As BBC News reports, UK Home Secretary Amber Rudd has used a Conservative party conference event to once again share her desire to "combat" end-to-end encryption:
"I don't need to understand how encryption works to understand how it's helping - end-to-end encryption - the criminals. I will engage with the security services to find the best way to combat that."
Rudd, who has recently claimed that "real people" don't care if the likes of WhatsApp keep their messages private, had been asked by a member of the audience to explain how end-to-end encryption actually worked.
The Home Secretary (perhaps sensibly) declined to tackle that challenge, and instead said:
"It's so easy to be patronised in this business. We will do our best to understand it. We will take advice from other people but I do feel that there is a sea of criticism for any of us who try and legislate in new areas, who will automatically be sneered at and laughed at for not getting it right."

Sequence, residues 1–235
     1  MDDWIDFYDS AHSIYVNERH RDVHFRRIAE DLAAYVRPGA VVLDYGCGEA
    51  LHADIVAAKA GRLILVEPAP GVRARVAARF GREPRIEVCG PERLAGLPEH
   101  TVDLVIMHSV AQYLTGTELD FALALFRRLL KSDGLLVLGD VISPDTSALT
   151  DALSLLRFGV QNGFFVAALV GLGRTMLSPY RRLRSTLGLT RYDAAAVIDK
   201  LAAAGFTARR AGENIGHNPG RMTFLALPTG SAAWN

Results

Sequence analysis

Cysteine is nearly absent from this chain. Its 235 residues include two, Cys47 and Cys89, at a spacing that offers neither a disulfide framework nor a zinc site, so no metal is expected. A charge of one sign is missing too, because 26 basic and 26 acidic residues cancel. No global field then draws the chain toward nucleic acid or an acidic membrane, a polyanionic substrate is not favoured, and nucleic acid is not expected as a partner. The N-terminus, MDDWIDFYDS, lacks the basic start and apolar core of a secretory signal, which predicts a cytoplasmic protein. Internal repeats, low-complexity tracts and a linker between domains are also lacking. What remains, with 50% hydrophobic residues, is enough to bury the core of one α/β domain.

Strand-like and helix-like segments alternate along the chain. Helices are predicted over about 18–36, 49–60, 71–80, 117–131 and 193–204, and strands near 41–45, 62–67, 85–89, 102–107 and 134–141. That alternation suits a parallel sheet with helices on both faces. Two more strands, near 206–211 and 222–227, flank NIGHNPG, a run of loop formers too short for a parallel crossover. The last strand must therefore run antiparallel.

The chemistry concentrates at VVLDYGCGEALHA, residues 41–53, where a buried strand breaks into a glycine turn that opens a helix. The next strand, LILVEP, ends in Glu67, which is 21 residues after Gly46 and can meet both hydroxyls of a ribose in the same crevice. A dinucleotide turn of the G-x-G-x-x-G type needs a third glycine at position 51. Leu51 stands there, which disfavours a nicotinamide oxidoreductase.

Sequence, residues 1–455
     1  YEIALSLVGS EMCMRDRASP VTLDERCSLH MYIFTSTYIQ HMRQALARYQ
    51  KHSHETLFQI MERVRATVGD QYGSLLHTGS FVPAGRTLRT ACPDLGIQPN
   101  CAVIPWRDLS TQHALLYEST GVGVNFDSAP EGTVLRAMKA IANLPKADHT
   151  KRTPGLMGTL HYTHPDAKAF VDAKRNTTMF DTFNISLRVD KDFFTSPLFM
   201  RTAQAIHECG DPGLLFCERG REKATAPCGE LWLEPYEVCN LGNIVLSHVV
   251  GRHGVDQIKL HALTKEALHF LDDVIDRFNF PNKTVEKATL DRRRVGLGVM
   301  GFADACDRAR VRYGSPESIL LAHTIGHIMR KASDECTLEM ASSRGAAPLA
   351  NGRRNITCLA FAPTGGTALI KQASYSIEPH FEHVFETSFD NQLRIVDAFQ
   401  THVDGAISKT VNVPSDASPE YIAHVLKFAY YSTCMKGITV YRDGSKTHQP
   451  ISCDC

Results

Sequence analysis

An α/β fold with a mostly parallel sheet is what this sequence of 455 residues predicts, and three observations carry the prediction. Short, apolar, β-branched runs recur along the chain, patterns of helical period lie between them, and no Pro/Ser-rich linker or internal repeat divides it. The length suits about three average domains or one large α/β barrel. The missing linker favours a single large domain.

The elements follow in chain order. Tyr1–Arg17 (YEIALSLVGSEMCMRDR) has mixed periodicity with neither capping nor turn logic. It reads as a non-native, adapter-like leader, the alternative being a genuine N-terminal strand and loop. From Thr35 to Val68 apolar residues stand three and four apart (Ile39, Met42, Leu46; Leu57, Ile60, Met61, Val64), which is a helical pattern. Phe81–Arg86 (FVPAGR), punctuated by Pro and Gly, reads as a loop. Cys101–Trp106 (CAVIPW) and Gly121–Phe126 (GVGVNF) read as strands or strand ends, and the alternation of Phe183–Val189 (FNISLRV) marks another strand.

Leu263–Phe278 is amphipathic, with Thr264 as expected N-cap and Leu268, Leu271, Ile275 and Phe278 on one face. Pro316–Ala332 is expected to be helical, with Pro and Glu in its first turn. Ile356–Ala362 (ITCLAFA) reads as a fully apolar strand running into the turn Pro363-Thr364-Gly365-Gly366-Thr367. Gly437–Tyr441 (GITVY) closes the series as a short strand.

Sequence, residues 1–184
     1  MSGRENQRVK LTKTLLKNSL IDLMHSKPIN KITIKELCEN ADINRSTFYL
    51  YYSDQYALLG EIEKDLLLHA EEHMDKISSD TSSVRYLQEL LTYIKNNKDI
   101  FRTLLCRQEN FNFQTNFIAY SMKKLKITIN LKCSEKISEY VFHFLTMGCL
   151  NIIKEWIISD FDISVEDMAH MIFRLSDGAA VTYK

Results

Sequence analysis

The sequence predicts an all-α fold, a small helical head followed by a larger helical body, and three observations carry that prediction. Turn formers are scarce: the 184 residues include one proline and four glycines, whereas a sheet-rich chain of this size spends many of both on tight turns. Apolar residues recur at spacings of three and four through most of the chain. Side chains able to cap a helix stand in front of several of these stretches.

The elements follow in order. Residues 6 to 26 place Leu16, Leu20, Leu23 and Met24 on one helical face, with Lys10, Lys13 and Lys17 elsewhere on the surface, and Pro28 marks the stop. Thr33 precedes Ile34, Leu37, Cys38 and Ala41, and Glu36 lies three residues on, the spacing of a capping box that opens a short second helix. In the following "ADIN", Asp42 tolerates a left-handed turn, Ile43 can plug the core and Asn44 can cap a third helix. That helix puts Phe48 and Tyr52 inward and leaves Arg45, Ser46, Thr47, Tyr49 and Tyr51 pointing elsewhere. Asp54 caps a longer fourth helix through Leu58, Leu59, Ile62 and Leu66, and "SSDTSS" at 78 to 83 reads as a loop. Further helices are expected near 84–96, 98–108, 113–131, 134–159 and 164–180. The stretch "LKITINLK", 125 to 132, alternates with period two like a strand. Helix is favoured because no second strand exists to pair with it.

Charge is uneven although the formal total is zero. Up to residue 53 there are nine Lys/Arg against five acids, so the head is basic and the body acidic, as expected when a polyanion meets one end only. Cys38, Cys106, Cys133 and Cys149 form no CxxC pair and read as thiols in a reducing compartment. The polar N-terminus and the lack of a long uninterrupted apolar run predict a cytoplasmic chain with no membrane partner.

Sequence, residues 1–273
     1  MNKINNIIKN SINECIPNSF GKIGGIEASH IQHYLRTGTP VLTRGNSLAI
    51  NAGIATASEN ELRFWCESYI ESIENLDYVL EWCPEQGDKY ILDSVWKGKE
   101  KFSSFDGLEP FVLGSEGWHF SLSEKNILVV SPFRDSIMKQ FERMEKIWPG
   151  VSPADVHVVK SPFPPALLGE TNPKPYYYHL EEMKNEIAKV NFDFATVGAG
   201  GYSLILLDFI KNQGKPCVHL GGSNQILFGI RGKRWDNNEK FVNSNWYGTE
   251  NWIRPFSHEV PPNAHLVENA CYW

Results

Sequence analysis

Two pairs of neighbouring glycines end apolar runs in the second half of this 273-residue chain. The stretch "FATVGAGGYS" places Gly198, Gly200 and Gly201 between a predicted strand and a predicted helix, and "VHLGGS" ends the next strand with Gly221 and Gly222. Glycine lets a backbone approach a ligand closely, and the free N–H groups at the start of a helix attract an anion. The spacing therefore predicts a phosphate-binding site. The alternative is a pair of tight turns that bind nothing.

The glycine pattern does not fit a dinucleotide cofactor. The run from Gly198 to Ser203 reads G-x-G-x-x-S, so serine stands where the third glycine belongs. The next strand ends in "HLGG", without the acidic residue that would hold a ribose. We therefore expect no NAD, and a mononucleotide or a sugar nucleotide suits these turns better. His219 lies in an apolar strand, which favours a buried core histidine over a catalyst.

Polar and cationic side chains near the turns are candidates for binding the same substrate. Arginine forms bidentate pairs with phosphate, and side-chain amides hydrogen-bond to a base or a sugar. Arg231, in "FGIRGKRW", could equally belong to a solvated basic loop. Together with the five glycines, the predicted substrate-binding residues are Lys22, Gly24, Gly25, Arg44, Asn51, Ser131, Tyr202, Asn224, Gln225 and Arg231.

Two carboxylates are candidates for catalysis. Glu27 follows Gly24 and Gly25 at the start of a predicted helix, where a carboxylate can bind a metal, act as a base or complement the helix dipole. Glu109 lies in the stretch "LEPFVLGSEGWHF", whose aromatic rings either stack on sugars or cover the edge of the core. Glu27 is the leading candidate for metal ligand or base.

Trust me Amber, we're not laughing.
A accurate statement if you remove the words "need to"
— John E Dunn (@JohnEDunn) October 3, 2017
Fortunately, some sanity was restored at the event by one of the other speakers on the panel - Michael Beckerman of the Internet Association, representing the views of Google, Microsoft and other tech giants:
"Since it is just math and it has been invented it can't uninvented... So even if every internet company that we represent said 'ok we are turning off encryption' you are just weakening the security for everybody in this room but that math, that technology still exists for others to use on other platforms."